Charity warns elderly could be living with bone condition without knowing
- Credit: Archant
It was when 90-year-old Sheila Nursey began falling frequently that she knew something was wrong.
The pensioner, from Norwich, did not understand why she fell several times while waiting for a hip replacement, and her nursing team were also scratching their heads.
But after a number of falls, Ms Nursey was given a scan which revealed she was suffering from Paget's disease – a condition which causes weakened bones that leads to pain, deformity, fractures, and potentially even bone cancer.
It is a condition which affects around 2-3pc of over 50s in the UK, but experts estimate many people do not know they are living with the condition.
Yet the diagnosis meant much to Ms Nursey, who said she felt much better after being given treatment to combat the illness.
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'After I was assessed and had treatment prescribed I was so much better – like a 25-year-old instead of a 90-year-old,' she said.
'I had never heard of Paget's disease and no one seemed to know much about it.'
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She received help from the Paget's Association, a national charity that supports patients with the condition, and was referred to Professor Bill Fraser, a consultant at the Norfolk and Norwich University Hospital (N&N).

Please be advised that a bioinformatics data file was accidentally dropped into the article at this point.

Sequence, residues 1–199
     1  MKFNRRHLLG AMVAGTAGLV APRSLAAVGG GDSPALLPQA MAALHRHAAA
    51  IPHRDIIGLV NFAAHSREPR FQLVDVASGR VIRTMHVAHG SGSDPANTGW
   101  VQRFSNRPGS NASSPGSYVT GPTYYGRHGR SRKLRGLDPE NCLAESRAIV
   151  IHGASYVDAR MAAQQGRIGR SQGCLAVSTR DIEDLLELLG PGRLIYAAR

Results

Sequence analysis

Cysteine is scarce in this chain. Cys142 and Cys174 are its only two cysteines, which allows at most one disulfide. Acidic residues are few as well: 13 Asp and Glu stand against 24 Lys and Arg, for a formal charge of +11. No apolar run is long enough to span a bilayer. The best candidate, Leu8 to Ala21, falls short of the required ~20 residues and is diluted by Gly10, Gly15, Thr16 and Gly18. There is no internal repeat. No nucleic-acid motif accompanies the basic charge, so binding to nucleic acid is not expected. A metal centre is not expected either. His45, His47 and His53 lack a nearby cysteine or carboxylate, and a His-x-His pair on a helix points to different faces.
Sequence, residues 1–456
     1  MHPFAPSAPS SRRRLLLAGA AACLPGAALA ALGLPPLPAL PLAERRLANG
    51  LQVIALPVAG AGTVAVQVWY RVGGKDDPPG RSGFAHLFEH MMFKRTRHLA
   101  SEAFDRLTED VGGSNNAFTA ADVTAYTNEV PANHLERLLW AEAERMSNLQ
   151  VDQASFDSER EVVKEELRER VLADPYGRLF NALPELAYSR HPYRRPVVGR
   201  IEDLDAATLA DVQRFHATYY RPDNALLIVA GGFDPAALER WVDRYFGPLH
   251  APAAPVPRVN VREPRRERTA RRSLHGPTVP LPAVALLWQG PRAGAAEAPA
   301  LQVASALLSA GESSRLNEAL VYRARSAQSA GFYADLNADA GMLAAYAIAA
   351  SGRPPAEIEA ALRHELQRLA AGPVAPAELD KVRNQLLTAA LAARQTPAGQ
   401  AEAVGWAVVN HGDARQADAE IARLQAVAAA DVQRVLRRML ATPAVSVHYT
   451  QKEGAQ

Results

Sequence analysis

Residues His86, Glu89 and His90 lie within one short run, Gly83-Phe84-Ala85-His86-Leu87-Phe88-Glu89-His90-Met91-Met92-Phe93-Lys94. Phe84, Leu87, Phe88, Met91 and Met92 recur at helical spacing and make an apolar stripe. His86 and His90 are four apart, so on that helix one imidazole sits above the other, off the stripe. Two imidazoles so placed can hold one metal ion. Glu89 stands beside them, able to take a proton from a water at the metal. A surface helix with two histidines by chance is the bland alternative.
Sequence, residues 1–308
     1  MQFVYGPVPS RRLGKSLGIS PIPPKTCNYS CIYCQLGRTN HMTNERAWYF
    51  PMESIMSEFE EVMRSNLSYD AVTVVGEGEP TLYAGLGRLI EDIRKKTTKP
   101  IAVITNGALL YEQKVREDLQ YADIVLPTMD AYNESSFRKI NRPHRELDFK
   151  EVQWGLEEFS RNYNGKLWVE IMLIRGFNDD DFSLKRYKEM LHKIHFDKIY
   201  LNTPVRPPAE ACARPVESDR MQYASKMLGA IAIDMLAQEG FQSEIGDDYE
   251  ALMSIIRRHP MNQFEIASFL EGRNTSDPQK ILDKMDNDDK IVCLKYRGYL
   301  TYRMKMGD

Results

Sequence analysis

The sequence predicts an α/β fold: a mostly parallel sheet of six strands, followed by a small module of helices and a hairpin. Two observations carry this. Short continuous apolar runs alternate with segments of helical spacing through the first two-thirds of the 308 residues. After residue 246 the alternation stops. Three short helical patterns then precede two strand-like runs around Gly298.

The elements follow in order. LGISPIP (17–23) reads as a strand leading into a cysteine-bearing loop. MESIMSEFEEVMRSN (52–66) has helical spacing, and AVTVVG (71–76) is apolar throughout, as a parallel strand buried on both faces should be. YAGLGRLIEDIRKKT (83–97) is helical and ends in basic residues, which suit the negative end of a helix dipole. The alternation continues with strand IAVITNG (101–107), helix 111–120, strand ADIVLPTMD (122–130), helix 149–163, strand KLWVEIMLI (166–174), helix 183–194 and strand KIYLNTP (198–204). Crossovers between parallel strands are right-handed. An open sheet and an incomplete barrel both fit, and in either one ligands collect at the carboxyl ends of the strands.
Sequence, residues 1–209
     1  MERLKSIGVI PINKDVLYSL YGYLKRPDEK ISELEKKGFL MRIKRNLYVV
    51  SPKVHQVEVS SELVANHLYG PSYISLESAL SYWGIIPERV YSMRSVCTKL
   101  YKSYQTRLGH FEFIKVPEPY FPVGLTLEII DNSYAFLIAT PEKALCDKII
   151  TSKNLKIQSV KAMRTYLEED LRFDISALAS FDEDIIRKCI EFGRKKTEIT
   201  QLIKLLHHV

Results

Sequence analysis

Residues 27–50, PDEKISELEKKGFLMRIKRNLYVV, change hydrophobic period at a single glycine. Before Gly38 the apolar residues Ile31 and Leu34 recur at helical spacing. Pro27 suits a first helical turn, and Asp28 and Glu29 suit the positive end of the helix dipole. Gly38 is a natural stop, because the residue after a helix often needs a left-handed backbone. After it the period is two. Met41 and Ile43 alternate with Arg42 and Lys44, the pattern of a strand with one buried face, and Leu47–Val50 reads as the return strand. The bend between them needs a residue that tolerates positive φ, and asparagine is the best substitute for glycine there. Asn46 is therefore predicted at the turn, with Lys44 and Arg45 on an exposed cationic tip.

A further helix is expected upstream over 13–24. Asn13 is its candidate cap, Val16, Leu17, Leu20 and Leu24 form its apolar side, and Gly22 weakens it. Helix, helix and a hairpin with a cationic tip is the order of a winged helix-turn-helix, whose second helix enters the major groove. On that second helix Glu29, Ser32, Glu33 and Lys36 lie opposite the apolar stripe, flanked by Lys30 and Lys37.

'I will be eternally grateful to the Paget's Association and to the professor for his care and expertise,' Ms Nursey added.
The Paget's Association is now warning that there are potentially many older people in East Anglia who have Paget's Disease and remain undiagnosed, and some may have been told there is nothing that can be done other than take painkillers.
The charity said those people need to be referred to specialists with skill in the diagnosis and treatment of the condition.
It comes as the N&N, together with the University of East Anglia, is named by the charity as a centre of excellence for treatment and research into Paget's Disease.
Professor Roger Francis, chairman of the charity, said: 'Patients who have Paget's Disease and who are referred to the N&N should be reassured that they will receive the best possible care.'
Three students at the university have also each been given bursaries worth £6,000 to research the condition. Paget's disease was first described by Sir James Paget, a surgeon and pathologist, who was born in Great Yarmouth in 1814.
His name is also commemorated in the James Paget University Hospital in Gorleston.
Do you have an unusual condition? Email health correspondent Nicholas Carding at firstname.lastname@example.org